Pacific Northwest Indian Art

Thunderbird holding whale is a prominent theme in Native art on the west coast of Vancouver Island, at the northern end of the Cascadia subduction zone (Malin, 1999). Stories of thunderbird and whale associated with shaking extend south at least as far as Tillamook, Oregon. Additional stories associating whale with shaking are found even further south into California.

Nootka memorial

Nootka memorial erected in 1902-1903 to honor Chief Moqwinna (or Maquinna). The memorial depicts the thunderbird and the whale in front of the Conuma Peak, a snow-capped peak on which the thunderbird dwelt in one version of the thunderbird and whale myth. Nootka Sound, Vancouver Island. (Photograph in the W.A. Newcombe Collection) (Drucker, 1951, 1955)

Kwakwaka'waka (Kwakiutl) house

Kwakwaka'waka (Kwakiutl) house painted with the thunderbird and whale motif. This house was located at Alert Bay, Vancouver Island. It belonged to an important village leader, Tlah go glas, and the motif was his family crest. (Malin, 1999) The 'Namgis, one of the many Kwak'wala speaking nations in British Columbia, originally lived at the mouth of the Nimpkish River on Vancouver Island. They were "talked into" moving to Alert Bay on Cormorant Island after 1870 when they were offered work in the fish canneries there. Photo (Goddard,1934)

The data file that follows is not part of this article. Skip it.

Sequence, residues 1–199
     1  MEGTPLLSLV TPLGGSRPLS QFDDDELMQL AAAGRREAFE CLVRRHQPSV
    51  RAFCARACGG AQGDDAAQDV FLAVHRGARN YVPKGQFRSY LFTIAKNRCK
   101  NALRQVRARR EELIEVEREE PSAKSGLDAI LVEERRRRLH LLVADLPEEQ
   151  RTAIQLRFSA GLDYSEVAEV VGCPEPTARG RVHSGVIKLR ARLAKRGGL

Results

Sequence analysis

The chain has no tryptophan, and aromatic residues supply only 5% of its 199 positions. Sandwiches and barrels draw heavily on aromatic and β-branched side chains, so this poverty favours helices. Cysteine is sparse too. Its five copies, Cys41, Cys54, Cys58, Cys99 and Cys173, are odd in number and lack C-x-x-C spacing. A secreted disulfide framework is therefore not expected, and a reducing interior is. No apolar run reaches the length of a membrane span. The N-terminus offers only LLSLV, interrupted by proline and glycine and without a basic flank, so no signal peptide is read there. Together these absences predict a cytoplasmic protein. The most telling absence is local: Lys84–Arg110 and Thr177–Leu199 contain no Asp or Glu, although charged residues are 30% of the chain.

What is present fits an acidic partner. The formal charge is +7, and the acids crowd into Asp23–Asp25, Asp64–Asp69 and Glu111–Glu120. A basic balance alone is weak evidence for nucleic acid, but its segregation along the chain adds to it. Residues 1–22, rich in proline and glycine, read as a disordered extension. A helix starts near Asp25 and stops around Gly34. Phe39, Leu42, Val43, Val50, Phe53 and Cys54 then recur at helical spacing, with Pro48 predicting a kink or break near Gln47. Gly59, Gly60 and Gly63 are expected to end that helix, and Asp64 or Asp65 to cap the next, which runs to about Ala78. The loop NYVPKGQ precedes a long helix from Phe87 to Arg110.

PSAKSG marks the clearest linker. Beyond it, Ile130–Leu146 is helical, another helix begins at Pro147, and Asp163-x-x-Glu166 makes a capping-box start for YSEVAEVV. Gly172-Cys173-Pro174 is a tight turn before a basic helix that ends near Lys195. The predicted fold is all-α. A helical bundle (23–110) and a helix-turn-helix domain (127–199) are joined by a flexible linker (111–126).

First Nation Map of BC

Kwakwaka'waka (Kwakiutl) house

Same house as above. Notice wooden beak projecting from thunderbird adding dimensionality. (Malin, 1999)

Nuu chaa nulth (Nootka) cloth screen

Graphic theme of Nuu chaa nulth (Nootka) cloth screen depicting thunderbird and whale. (Malin, 1999)

Nuu chaa nulth (Nootka) house screen

Nuu chaa nulth (Nootka) house screen

Nuu chaa nulth (Nootka) house screen

 

 

 

 

 

 

 


Two Nuu chaa nulth (Nootka) house screens, dating late 19th century. The screens depict the thunderbird, Tooksquin, carrying the whale in its talons. Whales were thought to be the thunderbird's favorite meal. Tooksquin's servants, the lighting serpents and the wolf are also shown. These screens were displayed in the house and screens such as these were commonly used in potlatches or in young women's coming-of-age ceremonies. (Graphic theme: Malin, 1999); (Photo: Jonaitis, 1988)

The screens commemorate "an Otpetchesaht chief's encounter with the supernatural while checking his sockeye traps at Sproat Falls." (Ruth Kirk, Wisdom of the Elders 1986, p. 50)

 

To learn more about the background on Pacific Northwest Indian Art, please visit

American Indians of the Pacific Northwest Collection from University of Washington Libraries

Totem Forest from the Digital Collections of the the Government of Canada

Thunderbird Park in Victoria, Bristish Columbia, Canada

Carved Columns or Totem Posts of the Haidas by James Deans

References